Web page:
Time to rethink funding of children's services
Tuesday, June 26, 2018
Research by the Local Government Association (LGA) and Newton reveals how deprivation accounts for half the variation in spending on children's services between councils (see Analysis). The LGA and children's services leaders believe the findings could be a game changer in their bids to lobby the government for more money for children's services. Crucially, they say it "kicks into the long grass" the argument put forward by successive ministers that variation in spend reflects inefficiencies and poor practice among councils.
Even armed with the Newton research, it will be hard for council leaders to change ministers' minds. However, the recent reports by the Care Crisis Review and Institute for Fiscal Studies add to the weight of evidence on the deepening financial problem in the sector.
A significant cash injection is needed if further deep cuts to non-statutory services are to be avoided. However, leaders must use the Association of Directors of Children's Services annual conference this month to argue for deeper reforms.
Tackling the causes of child poverty is a job for central government, but these findings reinforce the need to rethink how money is allocated to councils with the highest levels of deprivation. Policymakers must do more to support councils to protect early help spending and encourage investment in services that prevent the need for costly interventions. Creating a national early intervention strategy - including a commitment to the Troubled Families programme beyond 2020 - would offer the prospect of locking in system change.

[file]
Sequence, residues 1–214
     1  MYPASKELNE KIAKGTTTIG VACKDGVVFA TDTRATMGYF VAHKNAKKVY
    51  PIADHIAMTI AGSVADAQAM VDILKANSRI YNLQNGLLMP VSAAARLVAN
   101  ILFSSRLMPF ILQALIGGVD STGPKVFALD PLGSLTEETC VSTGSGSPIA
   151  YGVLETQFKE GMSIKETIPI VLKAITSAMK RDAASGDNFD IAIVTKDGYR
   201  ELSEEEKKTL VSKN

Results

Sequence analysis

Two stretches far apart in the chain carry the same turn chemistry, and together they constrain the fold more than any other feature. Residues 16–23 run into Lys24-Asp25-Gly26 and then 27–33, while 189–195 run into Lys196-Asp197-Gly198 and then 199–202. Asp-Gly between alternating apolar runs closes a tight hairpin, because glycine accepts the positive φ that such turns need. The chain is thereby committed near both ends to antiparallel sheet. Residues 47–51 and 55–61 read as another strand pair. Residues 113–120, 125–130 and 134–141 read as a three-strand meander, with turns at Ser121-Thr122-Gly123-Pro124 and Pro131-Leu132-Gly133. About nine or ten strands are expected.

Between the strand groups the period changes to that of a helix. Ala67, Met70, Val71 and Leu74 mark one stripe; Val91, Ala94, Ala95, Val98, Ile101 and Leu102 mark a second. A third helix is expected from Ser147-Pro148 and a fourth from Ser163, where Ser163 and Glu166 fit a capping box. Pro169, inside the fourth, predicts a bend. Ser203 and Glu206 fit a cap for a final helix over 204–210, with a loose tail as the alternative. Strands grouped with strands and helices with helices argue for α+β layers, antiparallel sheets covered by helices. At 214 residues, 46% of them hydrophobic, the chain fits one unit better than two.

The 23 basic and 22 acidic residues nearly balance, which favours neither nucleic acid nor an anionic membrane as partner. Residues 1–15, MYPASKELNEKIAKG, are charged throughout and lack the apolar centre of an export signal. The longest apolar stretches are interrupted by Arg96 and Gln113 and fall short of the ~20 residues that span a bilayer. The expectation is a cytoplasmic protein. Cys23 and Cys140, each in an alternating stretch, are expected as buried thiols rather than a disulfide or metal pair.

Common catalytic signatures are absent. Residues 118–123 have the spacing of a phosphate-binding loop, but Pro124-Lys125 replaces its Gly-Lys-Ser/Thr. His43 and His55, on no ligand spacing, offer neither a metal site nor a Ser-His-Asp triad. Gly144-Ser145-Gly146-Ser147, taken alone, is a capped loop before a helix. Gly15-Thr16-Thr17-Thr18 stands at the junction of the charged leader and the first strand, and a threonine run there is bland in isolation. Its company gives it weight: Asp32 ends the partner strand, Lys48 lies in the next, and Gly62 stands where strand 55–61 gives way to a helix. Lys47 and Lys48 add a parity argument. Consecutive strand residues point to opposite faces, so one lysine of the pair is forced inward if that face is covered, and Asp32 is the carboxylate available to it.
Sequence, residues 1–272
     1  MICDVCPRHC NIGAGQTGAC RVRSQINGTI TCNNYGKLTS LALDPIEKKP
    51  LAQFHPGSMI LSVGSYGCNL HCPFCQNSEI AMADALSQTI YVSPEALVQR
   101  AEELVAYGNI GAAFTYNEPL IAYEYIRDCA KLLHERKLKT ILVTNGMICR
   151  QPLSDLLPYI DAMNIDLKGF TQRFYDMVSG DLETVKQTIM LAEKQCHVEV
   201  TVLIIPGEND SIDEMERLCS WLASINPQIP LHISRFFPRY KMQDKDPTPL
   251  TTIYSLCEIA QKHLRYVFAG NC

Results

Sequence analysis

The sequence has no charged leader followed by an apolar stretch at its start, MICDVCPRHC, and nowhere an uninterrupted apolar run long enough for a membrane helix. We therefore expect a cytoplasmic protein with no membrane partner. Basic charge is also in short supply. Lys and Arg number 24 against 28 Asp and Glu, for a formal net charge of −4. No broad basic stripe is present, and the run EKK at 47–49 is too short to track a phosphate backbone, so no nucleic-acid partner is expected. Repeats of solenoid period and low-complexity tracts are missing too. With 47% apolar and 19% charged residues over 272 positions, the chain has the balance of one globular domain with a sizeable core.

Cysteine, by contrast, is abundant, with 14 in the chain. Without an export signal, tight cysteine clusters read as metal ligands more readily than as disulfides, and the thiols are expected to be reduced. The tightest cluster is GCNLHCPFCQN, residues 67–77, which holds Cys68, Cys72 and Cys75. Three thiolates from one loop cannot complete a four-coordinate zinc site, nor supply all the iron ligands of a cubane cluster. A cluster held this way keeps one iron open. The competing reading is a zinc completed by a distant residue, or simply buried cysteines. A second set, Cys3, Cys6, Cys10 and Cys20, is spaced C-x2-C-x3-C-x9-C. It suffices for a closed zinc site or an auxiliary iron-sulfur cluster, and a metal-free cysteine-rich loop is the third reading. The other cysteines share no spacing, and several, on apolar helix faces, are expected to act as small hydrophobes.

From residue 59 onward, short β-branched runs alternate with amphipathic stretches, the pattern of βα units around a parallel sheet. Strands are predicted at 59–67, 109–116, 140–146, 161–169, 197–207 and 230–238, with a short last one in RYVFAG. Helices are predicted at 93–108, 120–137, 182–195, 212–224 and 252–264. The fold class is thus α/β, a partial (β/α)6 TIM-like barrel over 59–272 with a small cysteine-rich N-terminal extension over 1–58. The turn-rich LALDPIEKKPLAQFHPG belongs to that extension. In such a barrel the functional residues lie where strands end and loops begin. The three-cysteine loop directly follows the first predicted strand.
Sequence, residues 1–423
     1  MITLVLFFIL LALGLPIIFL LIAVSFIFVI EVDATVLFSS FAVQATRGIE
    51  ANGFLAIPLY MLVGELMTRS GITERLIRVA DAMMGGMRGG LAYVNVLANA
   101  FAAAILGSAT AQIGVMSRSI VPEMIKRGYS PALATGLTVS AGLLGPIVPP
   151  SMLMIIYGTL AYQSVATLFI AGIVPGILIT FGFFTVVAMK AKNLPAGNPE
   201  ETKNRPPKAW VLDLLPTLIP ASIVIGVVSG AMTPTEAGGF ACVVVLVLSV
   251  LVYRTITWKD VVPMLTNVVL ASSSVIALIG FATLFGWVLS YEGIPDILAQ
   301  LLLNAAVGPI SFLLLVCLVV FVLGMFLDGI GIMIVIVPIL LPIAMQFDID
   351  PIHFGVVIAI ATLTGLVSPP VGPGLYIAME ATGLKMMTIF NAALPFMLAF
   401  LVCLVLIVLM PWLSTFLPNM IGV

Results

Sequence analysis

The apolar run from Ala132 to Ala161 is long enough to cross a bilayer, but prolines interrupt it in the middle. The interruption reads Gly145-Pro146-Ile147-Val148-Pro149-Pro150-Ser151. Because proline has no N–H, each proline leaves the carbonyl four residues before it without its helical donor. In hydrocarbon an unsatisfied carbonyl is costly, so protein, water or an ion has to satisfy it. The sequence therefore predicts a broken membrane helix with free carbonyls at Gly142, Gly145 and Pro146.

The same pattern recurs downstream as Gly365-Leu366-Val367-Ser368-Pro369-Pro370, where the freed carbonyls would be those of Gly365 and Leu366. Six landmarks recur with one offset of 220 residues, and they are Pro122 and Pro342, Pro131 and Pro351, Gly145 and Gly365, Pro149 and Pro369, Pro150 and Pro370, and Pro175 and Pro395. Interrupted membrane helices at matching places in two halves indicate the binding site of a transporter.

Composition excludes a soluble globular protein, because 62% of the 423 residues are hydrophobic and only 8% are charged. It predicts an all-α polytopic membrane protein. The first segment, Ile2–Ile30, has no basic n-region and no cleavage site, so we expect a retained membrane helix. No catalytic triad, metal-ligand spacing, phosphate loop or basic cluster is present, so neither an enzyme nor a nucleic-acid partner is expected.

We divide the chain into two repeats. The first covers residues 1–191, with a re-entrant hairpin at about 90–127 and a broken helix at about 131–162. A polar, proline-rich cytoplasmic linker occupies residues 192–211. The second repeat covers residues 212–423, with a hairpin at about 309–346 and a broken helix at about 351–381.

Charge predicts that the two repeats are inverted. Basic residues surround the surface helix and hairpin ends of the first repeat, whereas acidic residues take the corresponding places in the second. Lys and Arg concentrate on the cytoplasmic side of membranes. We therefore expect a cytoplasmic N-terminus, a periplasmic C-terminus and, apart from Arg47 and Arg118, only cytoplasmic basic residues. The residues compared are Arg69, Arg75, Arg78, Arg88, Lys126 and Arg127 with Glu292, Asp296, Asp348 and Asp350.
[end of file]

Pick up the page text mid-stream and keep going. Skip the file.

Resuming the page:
Although the Newton research finds different professional practices account for just 13 per cent of variation in spending, it is the part of the equation over which children's leaders have most control. There will always be differences in practice to reflect local priorities and circumstances, but a national discussion about the most efficient and effective ways of working is needed. Commissioners of care services play a crucial role in this - spending on looked-after children accounts for half of children's services budgets - but evidence suggests commissioning practice is inconsistent across the country (see Special Report).
The government is yet to respond to the fostering stocktake, which called for greater regional collaboration in the commissioning of foster care services to improve the sharing of good practice. The government should use the stocktake as an opportunity to review commissioning practice across all children's care services and consider the role that national commissioning could play in improving efficiency.